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Showing posts from September, 2011

Kahtsaai Vocabulary: -(i)rwa

Learning a language represents training in the delusions of that language.1 I am a great collector of lexical derivation methods. I ran across one a while ago — I wish I could remember where — which I immediately grabbed for Kahtsaai (PDF). This resulted in a minor lexical upheaval, but I'm very fond of the results.The form is -rwa after vowels, -irwa after all consonants except r, l and ł, in which case it's just -wa. For now, it is only attached to verbs. It produces stative verbs meaning that something has the characteristic of causing or permitting the verbal action. That's a bit obscure. Some examples make it clearer:łeitfear, be afraid ofłeitirwascaryweirbe sickweirwacontagiousposétrust, believepóserwatrustworthy, believabletááítgo to someone for help; seek sanctuarytááítirwamessed up or dangerous beyond one's ability to cope with aloneSome of the resulting words are similar to English nouns in -able, but most are not. It seems very useful, and is so far do…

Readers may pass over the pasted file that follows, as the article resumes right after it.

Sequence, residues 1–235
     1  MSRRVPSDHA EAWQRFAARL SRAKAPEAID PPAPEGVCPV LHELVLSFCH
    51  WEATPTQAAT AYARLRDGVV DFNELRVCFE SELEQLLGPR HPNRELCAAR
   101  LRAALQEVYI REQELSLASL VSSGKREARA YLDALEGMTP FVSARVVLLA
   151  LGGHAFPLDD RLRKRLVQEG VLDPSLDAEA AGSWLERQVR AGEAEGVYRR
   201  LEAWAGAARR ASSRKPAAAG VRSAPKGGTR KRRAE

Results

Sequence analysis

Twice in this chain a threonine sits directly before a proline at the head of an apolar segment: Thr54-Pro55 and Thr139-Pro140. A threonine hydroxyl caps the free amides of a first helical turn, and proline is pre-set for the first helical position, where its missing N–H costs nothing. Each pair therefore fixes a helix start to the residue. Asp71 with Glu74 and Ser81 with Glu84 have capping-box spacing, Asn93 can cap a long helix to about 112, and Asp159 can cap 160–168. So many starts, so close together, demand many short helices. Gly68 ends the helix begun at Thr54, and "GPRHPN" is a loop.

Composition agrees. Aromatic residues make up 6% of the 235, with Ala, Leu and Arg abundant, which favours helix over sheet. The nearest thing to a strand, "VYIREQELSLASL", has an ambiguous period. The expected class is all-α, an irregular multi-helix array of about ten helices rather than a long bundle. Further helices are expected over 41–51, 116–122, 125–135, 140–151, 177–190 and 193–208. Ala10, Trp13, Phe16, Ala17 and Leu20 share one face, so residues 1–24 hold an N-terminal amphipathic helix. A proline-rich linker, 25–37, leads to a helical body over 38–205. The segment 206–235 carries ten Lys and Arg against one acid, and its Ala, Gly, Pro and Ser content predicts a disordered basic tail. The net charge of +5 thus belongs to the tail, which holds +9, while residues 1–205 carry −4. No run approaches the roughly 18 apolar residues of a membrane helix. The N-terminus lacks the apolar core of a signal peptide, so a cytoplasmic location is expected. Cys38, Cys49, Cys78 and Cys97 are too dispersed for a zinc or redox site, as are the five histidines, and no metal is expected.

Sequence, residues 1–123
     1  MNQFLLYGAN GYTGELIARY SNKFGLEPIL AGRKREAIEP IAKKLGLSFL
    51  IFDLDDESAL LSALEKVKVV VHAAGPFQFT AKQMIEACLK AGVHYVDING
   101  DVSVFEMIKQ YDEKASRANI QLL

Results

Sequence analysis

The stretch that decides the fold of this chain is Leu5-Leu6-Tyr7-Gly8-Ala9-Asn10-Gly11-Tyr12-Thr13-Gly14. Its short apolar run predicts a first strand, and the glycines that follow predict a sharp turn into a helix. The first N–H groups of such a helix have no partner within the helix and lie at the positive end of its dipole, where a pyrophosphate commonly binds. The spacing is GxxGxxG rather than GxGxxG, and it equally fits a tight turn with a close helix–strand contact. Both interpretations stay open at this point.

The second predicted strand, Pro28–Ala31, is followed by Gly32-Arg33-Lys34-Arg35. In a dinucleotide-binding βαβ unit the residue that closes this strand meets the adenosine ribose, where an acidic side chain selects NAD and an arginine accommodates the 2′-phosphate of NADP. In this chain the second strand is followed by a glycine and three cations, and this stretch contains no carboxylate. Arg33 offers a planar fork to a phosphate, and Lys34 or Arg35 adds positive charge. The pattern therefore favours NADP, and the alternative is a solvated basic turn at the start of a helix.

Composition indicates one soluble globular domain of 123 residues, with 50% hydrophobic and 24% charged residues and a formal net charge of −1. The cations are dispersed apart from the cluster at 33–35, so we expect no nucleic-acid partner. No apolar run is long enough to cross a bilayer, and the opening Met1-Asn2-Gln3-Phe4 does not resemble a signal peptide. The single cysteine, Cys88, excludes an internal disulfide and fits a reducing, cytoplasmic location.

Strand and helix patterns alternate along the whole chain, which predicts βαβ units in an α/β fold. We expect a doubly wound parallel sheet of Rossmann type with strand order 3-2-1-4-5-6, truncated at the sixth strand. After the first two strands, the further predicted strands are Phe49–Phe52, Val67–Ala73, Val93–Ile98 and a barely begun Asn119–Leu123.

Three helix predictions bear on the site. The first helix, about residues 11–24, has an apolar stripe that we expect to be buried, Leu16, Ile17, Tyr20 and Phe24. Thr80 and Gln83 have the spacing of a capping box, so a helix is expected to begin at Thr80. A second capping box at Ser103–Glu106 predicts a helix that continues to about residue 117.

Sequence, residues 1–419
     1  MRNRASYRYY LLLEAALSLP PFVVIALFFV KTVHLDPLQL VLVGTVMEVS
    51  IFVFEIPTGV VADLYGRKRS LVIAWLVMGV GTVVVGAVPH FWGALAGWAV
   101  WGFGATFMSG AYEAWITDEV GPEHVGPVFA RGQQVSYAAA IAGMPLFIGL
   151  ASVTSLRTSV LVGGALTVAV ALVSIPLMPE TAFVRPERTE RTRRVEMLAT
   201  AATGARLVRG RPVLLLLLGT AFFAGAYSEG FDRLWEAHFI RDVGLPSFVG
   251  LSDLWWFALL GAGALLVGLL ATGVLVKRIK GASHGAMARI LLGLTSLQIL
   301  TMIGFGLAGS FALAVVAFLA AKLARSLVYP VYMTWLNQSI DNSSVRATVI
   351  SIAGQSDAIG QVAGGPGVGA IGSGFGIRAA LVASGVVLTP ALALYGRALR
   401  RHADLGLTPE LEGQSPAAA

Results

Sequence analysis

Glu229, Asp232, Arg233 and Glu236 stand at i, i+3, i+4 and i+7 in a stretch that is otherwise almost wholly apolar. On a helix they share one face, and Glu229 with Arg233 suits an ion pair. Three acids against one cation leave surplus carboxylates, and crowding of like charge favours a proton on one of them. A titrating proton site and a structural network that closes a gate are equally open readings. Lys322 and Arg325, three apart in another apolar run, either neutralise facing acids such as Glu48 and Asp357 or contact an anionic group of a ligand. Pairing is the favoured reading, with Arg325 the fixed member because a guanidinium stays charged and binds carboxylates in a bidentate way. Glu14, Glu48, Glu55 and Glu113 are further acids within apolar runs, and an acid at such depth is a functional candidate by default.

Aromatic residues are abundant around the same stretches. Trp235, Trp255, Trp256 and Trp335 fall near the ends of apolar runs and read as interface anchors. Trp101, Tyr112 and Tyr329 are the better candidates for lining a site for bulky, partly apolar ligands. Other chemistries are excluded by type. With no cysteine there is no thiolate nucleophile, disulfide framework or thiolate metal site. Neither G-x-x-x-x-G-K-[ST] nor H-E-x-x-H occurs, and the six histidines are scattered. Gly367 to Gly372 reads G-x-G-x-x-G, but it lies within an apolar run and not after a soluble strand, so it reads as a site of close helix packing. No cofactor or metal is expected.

Natlang Inspiration: Navajo WOD

I sometimes worry that I get too enthusiastic with derivational morphology. Then I read things like this, from The Navajo Verb System: an Overview, by Robert W. Young, and I feel like a derivational slacker. It's a long quotation (pp. 57-59), but it's worth it.Note that in Athabascan linguistics, a "classifier" has nothing to do with the usual linguistic sense of that word, but has to do with transitivity. The null classifier is noted with Ø.The "run" verbs provide classic examples of crystalized metaphor."Singular-run" verbs are derived from a root WOD (Perfective Stem), the base meaning of which is "flex, bend." With Ø-Classifier the Verb Theme ØWOD is produced and this Theme, in combination with adverbial 'ahá-: apart, derives the Verb Base 'ahá-øwod with the meaning "bend apart, become disjointed," as in shigaan 'ahááwod: my arm became disjointed (bent apart). With Ł-Classifier the "bend" theme is…